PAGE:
Last week, Dundee student SWAN held an event where we shared our thoughts and experiences of our recent trip to Calais. We had 3 main speakers, with plenty of time for Q&A, in what was liberating and insightful event.
It truly felt fantastic to unburden ourselves, as since our return from Calais, all five of us from the Dundee group required a significant amount of time to reflect and digest what we had experienced and bore witness to whilst there. I think I can speak for all of us when I say it was profound and life changing event and it was no surprise to me that before we had even met up again post-trip, 4 of our party had already made plans to return to Calais at various junctures through the summer. During these repeat journeys we will be linking up with Care4Calais, Social Work First and, hopefully, Social Work Without Borders. Fundraising is well under way and donations are coming in fast. We are also making links in our community in the North East, with early conversation held with Dundee Refugee Support.
On the night of the event, one of group, Amy Kenyon, kindly volunteered to host and then illustrate our experiences through a wonderful presentation [attached].
She was followed by a senior lecturer of architecture at UoD, Dr Husam Al Waer. Husam is a Syrian national and he has been living in Dundee since 2008. Husam spoke passionately about Syria, his home town and family and not a soul in the room could fail to be moved by his descriptions of the human effect of war that he described so bravely.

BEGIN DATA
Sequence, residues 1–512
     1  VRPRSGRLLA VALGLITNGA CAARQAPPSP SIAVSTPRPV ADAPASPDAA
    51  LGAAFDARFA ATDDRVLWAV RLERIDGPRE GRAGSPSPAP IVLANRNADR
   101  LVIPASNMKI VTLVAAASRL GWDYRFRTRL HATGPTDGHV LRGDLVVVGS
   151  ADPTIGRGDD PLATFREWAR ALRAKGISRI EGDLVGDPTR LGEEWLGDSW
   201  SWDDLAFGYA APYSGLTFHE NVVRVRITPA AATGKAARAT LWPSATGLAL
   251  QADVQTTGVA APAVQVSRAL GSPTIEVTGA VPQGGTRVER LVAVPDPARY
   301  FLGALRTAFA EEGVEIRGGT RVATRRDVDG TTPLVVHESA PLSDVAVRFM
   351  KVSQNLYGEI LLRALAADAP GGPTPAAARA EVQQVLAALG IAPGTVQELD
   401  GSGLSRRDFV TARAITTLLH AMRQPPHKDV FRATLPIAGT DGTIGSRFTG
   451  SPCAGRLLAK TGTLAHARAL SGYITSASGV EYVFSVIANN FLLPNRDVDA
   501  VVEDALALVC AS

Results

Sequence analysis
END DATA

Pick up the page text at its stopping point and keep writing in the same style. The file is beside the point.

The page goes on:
Lastly, Dr Ian Barron from the Dundee University Social Work department spoke about trauma exposure, the consequences for children and the routes to recovery, in what was both a relevant and insightful presentation.
We have plans to put on the event again, with the same speakers and perhaps the addition of one; as it was felt there was a lot more that could have been said and discussed about the political atmosphere and nature of the debate around immigration and refugees, especially in light of the heartbreaking death of Jo Cox, only days earlier. A lecture theatre will be book in late September, early October and this will hopefully be timetabled for the incoming first year social work students and opened up across SWAN and the University. We look forward to welcoming all comers.
We believe the time is NOW to make a positive case for ‘Refugees Welcome’ in line with the core principles of our profession, namely: empowerment, integrity and social justice. Refugees are stateless, not hopeless; capable, not culpable. We reject the xenophobic posturing of the right in this debate and seek all progressive forces within our profession to unite. David Cameron thinks the sight of refugees attempting to board trucks at Calais is “unacceptable”, we say the only unacceptability in this whole situation is the lack of support and provision from the central government for people living in horrendous conditions only miles from our shorelines.